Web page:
First, all those with whom one disagrees must be morally corrupt. In other words, there's no place for arguing about the nature of the good; it is self-evident to all right-thinking folks, which means your adversary either cannot think or is morally perverse. Or both. See my article Looking for Bedrock for my discussion of moral intuitionism in the world of contemporary human rights.
Second, in a world dominated by truncated morality and moral empathy, the administrator is king. Bracketing moral ends from consideration limits what passes for moral reasoning to identifying instrumental means. In other words, since we all right-thinking people know what's right, then we simply have to figure out the best tools by which to get there. Nudging, anyone?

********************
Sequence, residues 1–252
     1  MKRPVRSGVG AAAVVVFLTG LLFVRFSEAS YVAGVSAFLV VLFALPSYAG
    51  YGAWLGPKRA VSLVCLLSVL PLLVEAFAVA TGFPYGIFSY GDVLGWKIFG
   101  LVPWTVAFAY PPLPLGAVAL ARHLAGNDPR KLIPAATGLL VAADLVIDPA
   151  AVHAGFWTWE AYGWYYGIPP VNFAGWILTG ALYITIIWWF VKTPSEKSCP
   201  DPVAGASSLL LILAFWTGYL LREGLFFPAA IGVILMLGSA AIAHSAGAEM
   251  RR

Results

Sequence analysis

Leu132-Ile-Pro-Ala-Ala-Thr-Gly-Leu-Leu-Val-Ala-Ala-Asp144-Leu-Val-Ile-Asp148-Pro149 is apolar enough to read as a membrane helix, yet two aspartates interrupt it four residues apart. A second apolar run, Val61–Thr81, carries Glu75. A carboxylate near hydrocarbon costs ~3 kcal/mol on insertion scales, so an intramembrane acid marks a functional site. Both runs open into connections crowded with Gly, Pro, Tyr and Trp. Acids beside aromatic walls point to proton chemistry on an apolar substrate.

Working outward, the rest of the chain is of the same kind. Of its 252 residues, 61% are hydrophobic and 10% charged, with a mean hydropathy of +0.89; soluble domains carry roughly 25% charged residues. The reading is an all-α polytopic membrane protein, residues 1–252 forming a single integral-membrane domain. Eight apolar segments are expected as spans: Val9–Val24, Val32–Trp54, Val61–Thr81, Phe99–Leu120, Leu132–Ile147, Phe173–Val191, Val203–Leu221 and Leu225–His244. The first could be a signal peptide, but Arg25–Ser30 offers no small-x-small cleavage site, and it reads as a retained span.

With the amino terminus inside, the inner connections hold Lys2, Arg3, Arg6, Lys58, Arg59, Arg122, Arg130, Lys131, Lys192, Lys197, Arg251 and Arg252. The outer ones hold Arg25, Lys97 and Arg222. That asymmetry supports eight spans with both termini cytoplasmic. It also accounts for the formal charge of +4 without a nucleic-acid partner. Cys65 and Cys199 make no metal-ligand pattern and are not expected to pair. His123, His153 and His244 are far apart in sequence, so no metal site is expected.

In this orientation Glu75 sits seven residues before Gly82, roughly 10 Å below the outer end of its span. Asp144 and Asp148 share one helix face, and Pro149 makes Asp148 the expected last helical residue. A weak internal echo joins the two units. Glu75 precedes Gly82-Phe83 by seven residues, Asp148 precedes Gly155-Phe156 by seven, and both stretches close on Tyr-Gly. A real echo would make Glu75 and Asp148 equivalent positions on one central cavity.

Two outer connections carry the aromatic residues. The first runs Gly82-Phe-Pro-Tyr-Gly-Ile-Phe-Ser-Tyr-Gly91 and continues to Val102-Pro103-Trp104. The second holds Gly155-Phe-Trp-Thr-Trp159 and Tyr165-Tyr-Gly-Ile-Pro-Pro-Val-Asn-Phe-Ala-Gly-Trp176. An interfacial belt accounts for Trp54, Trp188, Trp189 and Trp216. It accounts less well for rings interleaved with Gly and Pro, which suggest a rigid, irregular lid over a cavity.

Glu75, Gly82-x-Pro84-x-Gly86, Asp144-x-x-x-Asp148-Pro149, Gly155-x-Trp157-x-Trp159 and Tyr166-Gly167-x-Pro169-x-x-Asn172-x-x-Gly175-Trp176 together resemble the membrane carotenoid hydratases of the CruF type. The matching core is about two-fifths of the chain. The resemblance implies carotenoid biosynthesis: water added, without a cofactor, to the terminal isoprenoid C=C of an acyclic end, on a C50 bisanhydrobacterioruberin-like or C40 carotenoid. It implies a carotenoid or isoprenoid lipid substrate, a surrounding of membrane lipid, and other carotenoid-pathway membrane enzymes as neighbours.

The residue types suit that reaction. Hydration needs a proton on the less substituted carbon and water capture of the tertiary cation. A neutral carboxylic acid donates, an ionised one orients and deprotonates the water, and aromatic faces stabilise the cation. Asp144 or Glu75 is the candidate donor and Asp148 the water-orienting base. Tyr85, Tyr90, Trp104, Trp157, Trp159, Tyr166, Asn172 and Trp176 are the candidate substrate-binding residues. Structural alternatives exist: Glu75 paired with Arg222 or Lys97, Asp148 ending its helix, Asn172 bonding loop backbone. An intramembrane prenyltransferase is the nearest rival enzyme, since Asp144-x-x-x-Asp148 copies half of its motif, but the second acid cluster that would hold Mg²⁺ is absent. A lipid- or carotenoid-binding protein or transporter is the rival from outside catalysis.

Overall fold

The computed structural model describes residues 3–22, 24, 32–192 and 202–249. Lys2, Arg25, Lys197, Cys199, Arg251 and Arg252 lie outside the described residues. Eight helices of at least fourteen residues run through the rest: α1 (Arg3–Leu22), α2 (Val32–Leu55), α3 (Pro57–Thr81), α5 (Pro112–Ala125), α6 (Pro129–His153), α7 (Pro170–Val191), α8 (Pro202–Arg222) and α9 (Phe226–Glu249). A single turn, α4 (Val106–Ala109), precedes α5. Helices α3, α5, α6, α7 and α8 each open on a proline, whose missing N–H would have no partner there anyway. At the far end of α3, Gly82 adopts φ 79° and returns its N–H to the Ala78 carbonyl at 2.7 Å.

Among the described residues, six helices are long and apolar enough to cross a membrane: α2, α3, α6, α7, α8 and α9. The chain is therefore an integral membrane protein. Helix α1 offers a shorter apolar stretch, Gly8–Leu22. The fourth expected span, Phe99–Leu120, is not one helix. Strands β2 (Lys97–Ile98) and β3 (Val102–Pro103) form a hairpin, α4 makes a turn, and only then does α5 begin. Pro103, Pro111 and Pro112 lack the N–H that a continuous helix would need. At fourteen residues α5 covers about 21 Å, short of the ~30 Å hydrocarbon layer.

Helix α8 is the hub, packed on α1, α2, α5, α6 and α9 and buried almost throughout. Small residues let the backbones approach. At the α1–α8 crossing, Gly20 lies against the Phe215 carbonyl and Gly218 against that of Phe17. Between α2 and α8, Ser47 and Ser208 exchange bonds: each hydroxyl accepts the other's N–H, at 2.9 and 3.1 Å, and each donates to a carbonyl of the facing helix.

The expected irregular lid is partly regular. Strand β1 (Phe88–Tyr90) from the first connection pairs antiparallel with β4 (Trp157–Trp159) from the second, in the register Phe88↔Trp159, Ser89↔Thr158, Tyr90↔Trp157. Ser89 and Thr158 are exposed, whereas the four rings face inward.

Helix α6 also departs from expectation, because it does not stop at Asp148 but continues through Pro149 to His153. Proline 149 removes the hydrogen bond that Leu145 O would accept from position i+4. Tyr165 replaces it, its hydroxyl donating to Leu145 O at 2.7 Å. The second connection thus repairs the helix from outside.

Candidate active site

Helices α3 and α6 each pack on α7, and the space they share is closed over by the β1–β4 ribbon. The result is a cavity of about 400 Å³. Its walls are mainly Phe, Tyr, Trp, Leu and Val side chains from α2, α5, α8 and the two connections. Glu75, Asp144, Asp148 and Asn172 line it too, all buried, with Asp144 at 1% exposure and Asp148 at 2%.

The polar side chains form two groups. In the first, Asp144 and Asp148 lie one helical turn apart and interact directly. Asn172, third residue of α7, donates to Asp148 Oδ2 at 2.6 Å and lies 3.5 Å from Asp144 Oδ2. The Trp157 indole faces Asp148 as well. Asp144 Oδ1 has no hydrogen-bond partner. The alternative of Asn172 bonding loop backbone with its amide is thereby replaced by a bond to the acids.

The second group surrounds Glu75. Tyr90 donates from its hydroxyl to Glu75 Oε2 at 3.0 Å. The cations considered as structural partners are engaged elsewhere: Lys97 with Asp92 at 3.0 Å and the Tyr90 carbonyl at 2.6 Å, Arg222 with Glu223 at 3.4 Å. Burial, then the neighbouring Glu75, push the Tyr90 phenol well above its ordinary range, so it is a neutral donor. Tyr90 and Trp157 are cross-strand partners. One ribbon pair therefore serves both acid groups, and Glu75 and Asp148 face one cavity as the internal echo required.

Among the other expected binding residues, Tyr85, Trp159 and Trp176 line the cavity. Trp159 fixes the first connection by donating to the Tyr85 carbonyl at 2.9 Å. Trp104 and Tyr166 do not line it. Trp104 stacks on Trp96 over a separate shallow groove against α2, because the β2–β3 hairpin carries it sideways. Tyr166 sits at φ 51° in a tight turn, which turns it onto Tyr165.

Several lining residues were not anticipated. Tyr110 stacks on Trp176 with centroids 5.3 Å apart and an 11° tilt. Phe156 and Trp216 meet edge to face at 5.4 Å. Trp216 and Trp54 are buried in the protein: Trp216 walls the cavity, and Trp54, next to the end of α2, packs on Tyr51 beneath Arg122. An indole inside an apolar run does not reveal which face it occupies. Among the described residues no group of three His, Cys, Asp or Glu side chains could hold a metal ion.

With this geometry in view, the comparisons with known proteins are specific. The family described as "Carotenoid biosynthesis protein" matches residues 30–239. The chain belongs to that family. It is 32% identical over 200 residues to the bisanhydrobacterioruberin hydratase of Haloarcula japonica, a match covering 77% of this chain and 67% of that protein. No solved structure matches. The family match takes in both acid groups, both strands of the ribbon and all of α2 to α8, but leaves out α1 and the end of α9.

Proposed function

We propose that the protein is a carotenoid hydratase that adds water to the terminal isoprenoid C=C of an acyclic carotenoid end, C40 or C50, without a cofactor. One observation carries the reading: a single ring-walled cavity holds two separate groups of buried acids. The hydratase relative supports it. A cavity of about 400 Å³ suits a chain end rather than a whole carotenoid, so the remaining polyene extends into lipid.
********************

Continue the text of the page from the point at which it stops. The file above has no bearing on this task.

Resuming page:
Third, American evangelical Christians are no better. They cannot (or at least do not) engage in moral reasoning. Whether of the left or the right, proof-texting in support of one's empathetic proclivities replaces deep-rooted moral or theological analysis.
Meador and Roberts engage in a serious and sustained inquiry, and I recommend that all of us try to emulate them.